You may not know that selling real estate in Mexico, unlike the U.S., Canada and most other developed countries, does not require licensing and relies more on voluntary compliance with industry standards. But is real estate licensing in Mexico needed?
The Association of Mexican Real Estate Professionals (AMPI) is the primary real estate association in the country and an important goal for AMPI is to bring an increased level of professionalism to property sales in the country. The organization has established a voluntary code of laws and ethics for member agents to follow and is moving towards certification of all members.
Here are some of the existing rules and regulations you should be aware of if you are considering purchasing or selling property in Mexico:
A number of federal laws currently oversee real estate agents in Mexico. These include real estate services per state, consumer protection, seller protection and anti-money laundering.
Some states have developed licensing or registration requirements for those working in real estate-related activities: Sonora, Coahuila, Tabasco, Baja California, San Luis Potosi, Colima, Campeche, Morelos, Veracruz, Mexico, Querétaro, Quintana Roo, Guanajuato, Nuevo Leon. Mexico City is also included. Jalisco and Nayarit are working on licensing.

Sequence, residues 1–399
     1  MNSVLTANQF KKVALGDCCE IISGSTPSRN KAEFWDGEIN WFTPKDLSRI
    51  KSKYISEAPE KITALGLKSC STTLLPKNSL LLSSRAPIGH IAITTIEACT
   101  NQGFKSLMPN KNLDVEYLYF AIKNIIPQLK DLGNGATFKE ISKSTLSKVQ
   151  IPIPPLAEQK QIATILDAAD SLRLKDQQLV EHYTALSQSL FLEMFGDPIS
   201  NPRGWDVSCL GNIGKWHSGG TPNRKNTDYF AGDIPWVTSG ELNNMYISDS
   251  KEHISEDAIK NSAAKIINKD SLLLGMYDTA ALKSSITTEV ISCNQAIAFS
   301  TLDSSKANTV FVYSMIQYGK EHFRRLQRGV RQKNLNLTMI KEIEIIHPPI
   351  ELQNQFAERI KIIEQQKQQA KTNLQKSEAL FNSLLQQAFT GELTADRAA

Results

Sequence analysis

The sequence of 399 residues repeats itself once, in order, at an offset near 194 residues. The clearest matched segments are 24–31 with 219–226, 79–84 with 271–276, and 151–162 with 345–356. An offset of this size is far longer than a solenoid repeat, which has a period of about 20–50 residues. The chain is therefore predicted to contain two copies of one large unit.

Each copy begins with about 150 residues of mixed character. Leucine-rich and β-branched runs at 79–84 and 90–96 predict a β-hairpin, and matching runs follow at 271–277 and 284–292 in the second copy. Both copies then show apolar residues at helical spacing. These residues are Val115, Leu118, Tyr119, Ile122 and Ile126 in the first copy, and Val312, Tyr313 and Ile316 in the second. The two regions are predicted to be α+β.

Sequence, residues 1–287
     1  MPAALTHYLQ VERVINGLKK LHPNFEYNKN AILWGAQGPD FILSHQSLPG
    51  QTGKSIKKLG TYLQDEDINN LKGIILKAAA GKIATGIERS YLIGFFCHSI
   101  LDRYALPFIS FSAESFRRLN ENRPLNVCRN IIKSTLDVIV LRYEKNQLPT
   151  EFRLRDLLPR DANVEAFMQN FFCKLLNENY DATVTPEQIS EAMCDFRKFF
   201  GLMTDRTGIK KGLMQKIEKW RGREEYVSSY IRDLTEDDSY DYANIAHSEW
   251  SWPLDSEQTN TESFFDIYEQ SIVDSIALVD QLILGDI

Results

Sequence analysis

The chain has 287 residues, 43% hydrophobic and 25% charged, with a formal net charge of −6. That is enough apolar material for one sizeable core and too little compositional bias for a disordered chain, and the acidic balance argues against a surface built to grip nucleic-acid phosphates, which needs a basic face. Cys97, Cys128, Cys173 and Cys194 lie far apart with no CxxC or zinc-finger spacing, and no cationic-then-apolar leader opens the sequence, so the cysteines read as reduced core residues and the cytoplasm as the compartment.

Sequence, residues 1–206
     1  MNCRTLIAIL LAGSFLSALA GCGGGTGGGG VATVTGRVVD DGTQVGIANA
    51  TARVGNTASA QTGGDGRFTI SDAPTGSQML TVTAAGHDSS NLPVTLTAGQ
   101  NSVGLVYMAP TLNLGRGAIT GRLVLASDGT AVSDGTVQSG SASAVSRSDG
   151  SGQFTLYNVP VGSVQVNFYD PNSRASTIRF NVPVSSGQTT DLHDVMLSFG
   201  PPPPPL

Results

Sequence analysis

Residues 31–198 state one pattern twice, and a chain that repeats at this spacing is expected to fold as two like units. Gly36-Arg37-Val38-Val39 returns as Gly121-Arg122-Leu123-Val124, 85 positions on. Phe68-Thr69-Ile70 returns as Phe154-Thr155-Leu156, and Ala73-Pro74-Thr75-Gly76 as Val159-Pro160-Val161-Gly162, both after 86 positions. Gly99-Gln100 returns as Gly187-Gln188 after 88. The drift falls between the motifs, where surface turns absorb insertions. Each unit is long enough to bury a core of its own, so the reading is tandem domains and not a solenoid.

State or Federal Licensing
Natural resources of the land, also referred to as mineral rights and water, cannot be transferred to a buyer. Mexico retains all rights to these and can exercise them at any time without compensation to the property owner. In the restricted zones, foreigners must have a trust to own a residential property.
All real estate sales must be approved by a notary public before they are valid and can be processed by a lending institution or governmental office. After the notary reviews the title deed, it is filed at the Public Registrar for Property, and the deal is closed. Due to the lack of professional licensing and governance of the sale of real property, fraud is a major concern for both the AMPI and buyers alike.
Federal Public Registry
The sale of both residential and commercial property must be recorded with the Federal Public Property Registry office. Clear title and ownership is not legally recognized until all paperwork is filed with this governmental agency. All information becomes public record after filing. Certificates of encumbrances or liens are also filed at the Federal Public Property Register office, and are public record as well.
No errors and omissions insurance and no recovery fund for real estate transactions that go bad exist in Mexico. At this time, anyone can call himself or herself a real estate agent or real estate broker.
Listing agreements are created by the broker, or in the case of Bay of Banderas AMPI chapters, specific concepts or paragraphs are required to be included in any exclusive listing agreements. They are not reviewed by any government agency. The sales contracts are developed in the same manner.
This article is based upon legal opinions, current practices and my personal experiences. I recommend that each potential buyer or seller conduct his/her own due diligence and review.